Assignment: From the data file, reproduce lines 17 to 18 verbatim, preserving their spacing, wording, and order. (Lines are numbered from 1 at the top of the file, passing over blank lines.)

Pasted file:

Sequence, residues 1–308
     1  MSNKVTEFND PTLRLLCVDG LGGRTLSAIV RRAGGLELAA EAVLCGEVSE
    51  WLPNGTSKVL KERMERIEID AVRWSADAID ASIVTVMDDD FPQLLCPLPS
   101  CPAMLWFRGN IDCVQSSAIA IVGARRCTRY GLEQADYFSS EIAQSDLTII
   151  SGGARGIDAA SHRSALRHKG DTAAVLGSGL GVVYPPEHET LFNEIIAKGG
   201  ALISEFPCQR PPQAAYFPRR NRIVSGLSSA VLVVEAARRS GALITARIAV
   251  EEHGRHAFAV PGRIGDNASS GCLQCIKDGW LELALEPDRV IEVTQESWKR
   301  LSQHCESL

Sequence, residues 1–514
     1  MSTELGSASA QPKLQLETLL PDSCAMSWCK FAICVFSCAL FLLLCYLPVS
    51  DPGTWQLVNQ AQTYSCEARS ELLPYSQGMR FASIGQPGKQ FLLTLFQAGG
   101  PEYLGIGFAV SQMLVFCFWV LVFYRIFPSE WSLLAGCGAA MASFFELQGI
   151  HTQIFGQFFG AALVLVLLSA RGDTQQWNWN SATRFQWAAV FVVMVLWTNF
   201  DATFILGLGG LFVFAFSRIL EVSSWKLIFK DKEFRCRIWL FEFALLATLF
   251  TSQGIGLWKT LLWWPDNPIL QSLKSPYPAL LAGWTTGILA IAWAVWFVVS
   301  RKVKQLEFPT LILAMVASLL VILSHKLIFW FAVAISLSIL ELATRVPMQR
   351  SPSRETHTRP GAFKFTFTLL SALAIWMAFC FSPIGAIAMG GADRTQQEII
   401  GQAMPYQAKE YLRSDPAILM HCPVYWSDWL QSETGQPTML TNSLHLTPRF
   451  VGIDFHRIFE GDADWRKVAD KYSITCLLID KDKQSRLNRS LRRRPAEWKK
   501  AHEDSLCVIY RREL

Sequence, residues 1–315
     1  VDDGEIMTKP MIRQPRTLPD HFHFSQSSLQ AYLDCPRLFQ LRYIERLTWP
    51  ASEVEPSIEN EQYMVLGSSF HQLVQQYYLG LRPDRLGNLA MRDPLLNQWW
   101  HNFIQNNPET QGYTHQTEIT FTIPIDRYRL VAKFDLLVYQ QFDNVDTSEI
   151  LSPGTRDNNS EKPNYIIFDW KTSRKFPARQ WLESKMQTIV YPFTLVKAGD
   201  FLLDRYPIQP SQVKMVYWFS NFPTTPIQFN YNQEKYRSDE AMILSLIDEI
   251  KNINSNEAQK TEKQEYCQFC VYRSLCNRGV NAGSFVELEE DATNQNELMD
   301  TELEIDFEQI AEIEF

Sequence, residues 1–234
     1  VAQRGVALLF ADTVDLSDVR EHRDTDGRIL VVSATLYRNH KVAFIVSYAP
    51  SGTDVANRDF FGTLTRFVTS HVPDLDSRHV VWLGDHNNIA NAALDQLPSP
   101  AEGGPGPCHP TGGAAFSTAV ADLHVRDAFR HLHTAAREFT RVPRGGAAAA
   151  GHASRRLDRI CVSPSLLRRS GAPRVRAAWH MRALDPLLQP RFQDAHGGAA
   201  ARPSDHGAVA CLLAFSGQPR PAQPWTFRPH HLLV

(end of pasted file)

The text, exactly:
   351  SPSRETHTRP GAFKFTFTLL SALAIWMAFC FSPIGAIAMG GADRTQQEII
   401  GQAMPYQAKE YLRSDPAILM HCPVYWSDWL QSETGQPTML TNSLHLTPRF